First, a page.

Even in death, Bernie Whitebear makes things happen.

The July 16 Discovery Park dedication transforming Illinois Avenue into Bernie Whitebear Way was a fitting tribute to the Native American leader.

Now Bernie Whitebear Way will lead visitors to Daybreak Star Cultural Center, which also serves as headquarters for the United Indians of All Tribes Foundation, Whitebear’s hard-won legacy.

It’s easy, from this vantage point, to say the dedication has delivered a measure of poetic justice. Maybe a little too easy.

In 1970, when former Army Ranger Whitebear and his supporters scaled the cliffs of Fort Lawton to claim, or reclaim, the site in the name of his people, things were very different.

It was tempestuous time. The Viet Nam War informed the daily life of all Americans. Government and military nerves were raw. At Fort Lawton, Whitebear and his supporters faced military police in riot gear. There were real risks in those days for those who took a stand.

Whitebear and his supporters held firm, and won 20 acres and a 99-year lease after months of negotiations. He went on to become an iconic Native American leader who worked tirelessly for his people, all the while creating bridges between the Indian world and the white power establishment.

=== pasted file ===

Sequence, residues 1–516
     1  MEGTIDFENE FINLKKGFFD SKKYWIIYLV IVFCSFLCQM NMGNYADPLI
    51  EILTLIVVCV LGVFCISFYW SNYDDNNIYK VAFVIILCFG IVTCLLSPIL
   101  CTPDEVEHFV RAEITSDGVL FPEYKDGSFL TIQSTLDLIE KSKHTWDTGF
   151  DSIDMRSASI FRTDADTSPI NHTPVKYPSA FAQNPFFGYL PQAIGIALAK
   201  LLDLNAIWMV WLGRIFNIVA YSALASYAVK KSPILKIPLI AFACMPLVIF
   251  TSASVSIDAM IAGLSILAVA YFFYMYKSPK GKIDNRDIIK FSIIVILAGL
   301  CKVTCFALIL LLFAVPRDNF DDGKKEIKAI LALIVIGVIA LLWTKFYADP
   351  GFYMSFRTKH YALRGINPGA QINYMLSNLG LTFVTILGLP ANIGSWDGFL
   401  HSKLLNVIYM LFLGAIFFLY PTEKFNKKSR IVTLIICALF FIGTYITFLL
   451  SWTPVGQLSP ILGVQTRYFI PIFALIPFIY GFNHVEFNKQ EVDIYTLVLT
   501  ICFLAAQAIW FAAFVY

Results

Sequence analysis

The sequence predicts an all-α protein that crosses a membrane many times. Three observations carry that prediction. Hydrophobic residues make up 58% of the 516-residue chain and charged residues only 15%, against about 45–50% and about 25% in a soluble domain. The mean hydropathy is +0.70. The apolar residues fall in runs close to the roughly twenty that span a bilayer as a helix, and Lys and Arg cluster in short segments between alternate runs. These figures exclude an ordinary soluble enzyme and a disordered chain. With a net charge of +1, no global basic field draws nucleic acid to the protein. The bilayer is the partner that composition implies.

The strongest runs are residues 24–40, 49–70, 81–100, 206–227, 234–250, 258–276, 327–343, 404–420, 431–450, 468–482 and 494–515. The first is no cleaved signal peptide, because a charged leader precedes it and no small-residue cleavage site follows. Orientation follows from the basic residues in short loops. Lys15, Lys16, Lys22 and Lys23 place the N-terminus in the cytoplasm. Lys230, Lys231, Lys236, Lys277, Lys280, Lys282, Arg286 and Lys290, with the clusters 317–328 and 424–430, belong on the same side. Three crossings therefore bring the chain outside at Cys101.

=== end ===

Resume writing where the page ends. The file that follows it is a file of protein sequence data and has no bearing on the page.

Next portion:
Even before he scaled the Magnolia cliffs, Whitebear had been an integral part of the landmark Seattle Indian Health Board.

“He had a Gandhi-like quality,” noted former Governor Gary Locke. Former Governor and U.S. Senator Dan Evans said of Whitebear: “I regard him as my personal hero.”

In the 1990s Whitebear unveiled plans for a People’s Lodge at Daybreak Star, which triggered considerable opposition in Magnolia and around Seattle: The project was too large, too out of scale for Discovery Park, critics said. Several public hearings, as well as some raucous, followed. There were those who supported Whitebear in 1970, and counted him a friend, who fought against him in the 1990s with considerable regret.

Bernie Whitebear had earned the respect of those who opposed him — perhaps the greatest tribute a human being can achieve.

Plenty of nice things were said about Bernie Whitebear at July 16 ceremony. “The government that Bernie Whitebear fought against…now honors him,” noted Mayor Mike McGinn at the time.

That’s how the system works.

The easy part is to honor him with a street name, but the reality shouldn’t be airbrushed: Bernie Whitebear always did the difficult thing when it mattered.